to be alerted to certain details that more advanced readers have
automatized in their critical repertoire. Once they are aware of these,
novice readers are able to move on to the big picture, only now with the
ability to distinguish stronger from weaker research.

Todd continues by pointing out what he perceives as some minor annoyances
(cf. p. 4 of 6). The first one relates to the study on page 83 which I
used to illustrate exploratory research. Todd proposed that this study is
not a good illustration of exploratory research because a hypothesis could
be inferred in the study even though it was not explicitly stated. I agree
with Todd that a hypothesis could most likely be inferred. However, the
strict distinction that has been made in the research literature between
exploratory vs confirmatory research is whether a hypothesis is explicitly
stated in a study. If not, it is classified as exploratory. Yet, as
pointed out in the book, research can be classified on a continuum between
exploratory and confirmatory research. Where one plots a study along this
continuum is determined by the degree a researcher insinuates there might
be a hypothesis. On the other hand, all research, except for descriptive
research, has an underlying hypothesis, i.e. the null hypothesis. The
research question Todd referred to, "whether bilingualism influences the
learning of a third language", has the underlying null hypothesis,
"bilingualism does not affect learning a third language". In this sense,
one might say that almost all research is confirmatory.

The second problem Todd addresses is on page 130. He correctly points out
that correlation coefficients range from - 1.0 to + 1.0. This is clearly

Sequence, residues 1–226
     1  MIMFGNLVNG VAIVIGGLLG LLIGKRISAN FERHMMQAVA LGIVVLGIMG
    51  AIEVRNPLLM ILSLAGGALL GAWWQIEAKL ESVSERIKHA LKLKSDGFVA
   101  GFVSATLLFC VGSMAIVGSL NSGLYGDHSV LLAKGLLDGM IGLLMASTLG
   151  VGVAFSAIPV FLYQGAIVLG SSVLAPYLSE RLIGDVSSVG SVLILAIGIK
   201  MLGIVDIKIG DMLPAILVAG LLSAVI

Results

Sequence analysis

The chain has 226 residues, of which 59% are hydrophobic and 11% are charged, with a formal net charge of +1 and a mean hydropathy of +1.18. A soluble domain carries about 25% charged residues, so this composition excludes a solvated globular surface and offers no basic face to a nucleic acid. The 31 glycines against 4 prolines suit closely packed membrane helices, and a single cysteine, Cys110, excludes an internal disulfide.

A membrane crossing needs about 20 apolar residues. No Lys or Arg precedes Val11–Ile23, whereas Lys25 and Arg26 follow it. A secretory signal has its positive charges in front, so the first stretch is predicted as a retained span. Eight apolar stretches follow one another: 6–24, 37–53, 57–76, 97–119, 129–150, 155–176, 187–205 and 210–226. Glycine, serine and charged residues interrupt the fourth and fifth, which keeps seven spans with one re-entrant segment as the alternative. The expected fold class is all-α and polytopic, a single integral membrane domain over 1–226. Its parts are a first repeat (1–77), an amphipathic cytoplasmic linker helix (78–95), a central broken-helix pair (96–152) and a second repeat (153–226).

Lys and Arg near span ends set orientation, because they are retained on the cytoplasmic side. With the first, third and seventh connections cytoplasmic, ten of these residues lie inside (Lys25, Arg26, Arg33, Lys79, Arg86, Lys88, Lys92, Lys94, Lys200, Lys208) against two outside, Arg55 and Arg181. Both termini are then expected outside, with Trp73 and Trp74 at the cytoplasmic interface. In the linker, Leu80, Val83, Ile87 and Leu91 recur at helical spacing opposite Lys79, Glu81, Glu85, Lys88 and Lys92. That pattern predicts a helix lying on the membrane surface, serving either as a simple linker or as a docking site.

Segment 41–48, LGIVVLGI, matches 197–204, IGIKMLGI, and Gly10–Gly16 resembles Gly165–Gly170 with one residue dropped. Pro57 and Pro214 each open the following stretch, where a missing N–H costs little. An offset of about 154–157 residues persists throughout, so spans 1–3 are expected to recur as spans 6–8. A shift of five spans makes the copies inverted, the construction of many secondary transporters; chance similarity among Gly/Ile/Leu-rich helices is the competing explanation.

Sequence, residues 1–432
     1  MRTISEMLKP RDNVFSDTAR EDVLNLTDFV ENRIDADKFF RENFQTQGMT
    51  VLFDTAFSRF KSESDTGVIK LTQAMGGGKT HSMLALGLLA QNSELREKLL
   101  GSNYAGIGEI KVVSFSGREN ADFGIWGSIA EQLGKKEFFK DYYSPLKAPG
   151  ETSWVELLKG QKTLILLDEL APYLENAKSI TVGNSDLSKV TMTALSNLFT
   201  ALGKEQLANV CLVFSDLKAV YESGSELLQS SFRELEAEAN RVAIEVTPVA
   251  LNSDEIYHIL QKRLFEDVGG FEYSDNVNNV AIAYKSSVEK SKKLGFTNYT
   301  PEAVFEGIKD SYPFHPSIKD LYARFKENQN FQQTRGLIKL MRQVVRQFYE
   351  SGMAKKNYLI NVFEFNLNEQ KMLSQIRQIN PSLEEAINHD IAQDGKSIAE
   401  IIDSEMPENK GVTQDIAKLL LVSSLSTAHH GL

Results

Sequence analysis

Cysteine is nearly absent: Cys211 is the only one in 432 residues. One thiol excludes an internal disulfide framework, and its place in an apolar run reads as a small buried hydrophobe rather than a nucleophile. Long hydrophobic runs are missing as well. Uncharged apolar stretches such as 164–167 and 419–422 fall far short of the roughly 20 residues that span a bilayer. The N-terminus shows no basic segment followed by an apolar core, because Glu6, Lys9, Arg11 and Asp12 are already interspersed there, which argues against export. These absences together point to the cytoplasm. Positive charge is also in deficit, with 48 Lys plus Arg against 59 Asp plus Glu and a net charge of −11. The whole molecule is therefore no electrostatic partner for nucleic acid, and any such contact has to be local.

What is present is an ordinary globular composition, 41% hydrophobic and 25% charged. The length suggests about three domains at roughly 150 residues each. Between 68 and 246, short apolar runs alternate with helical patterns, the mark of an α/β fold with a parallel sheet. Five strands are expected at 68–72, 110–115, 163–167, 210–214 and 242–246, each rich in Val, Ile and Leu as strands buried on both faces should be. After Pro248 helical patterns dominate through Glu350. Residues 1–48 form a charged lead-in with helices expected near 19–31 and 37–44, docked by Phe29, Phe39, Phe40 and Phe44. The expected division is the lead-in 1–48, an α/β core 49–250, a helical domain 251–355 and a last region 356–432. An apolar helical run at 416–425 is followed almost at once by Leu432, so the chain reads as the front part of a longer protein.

stated in pages 173 and 174. However, the subject of discussion on page
130 is reliability coefficients. Though they are often computed using some
form of correlation coefficient, reliability coefficients range from 0.0 to
+ 1.0. The reliability of a data collection procedure ranges from no
reliability ( 0.0 ) to perfect reliability (+ 1.0). There is no negative

The final problem that Todd perceives is that "Not all research using
inferential statistics is trying to generalize" (p. 4 of 6). However, the
word 'inferential' means that the results are being inferred (i.e.,
generalized) from a limited sample of data to a larger target population.
Every statistics book I have ever read states this. However, as I mention
in my book, what is being inferred related directly to the null hypothesis
whether there is a stated research hypothesis or not.

Speaking of problems, there is a typo on page 211 of my book. The text
should read 68% rather than 64%, which can be found in the middle of the
page. I have alerted the publisher about this for future printings.

Having said the above, I want to thank Dr. Todd for doing something few
reviewers do, that is giving the book to one of his MA students to
evaluate. Though I value Todd's comments, the real litmus test of any book
is the response of the targeted audience. My students have expressed
similar impressions as did Nguyen Quang Tuyen. First, I apologize for the
book binding. My students have had the same problem. I have notified the
publisher, and I hope they can correct the problem. Second, regarding
feedback on the assignments, I have been thinking of posting a website on
which to post some of my students 'best' work for those like Tuyen to
compare their work. Third, when writing the book, I pondered whether to
discuss action research, but I decided at the time that since the book was
not about 'how to do' but 'reading with discernment' I left it out. Again,
I asked myself whether someone could read and critique published action
research with the foundations I laid down and concluded that they could.
Unfortunately, my literature search has located very little published
action research for people to read. Fourthly, I apologize for building
people's expectations about the amount of humor in the book.
Unfortunately, I had some division between my reviewers regarding the
humor, and my attempt to compromise left out some of the more humorous
stuff. I need to play this down in coming editions. Lastly, I
congratulate Tuyen for working through all of the exercises. This is no
easy task; however, my students agree that they help apply the principles
discussed at the time of reading.

Linguistic Field(s): Applied Linguistics

Respond to list|Read more issues|LINGUIST home page|Top of issue

Please report any bad links or misclassified data

LINGUIST Homepage | Read LINGUIST | Contact us

NSF Logo

While the LINGUIST List makes every effort to ensure the linguistic relevance of sites listed
on its pages, it cannot vouch for their contents.